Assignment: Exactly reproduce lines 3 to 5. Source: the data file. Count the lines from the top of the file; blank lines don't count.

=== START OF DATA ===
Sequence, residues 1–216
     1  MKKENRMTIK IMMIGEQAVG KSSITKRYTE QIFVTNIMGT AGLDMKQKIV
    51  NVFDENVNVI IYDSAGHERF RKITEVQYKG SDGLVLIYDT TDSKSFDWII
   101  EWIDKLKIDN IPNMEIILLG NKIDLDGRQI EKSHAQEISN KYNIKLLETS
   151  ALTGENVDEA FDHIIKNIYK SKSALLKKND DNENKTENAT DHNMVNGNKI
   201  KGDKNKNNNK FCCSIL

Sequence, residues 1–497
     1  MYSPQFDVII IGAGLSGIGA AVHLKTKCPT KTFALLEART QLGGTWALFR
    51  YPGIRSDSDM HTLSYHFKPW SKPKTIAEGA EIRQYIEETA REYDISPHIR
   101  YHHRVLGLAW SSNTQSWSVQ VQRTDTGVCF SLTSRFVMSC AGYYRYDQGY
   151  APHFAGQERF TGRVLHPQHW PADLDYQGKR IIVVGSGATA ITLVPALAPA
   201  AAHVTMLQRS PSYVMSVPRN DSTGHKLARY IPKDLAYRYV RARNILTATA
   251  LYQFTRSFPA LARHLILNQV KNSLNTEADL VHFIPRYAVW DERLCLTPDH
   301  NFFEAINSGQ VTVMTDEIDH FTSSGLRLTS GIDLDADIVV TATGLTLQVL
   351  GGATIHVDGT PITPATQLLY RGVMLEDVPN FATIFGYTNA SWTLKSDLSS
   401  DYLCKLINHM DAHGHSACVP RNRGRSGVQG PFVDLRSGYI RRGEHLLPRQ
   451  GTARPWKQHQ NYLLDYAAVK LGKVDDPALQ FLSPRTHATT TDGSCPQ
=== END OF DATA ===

    51  NVFDENVNVI IYDSAGHERF RKITEVQYKG SDGLVLIYDT TDSKSFDWII
   101  EWIDKLKIDN IPNMEIILLG NKIDLDGRQI EKSHAQEISN KYNIKLLETS
   151  ALTGENVDEA FDHIIKNIYK SKSALLKKND DNENKTENAT DHNMVNGNKI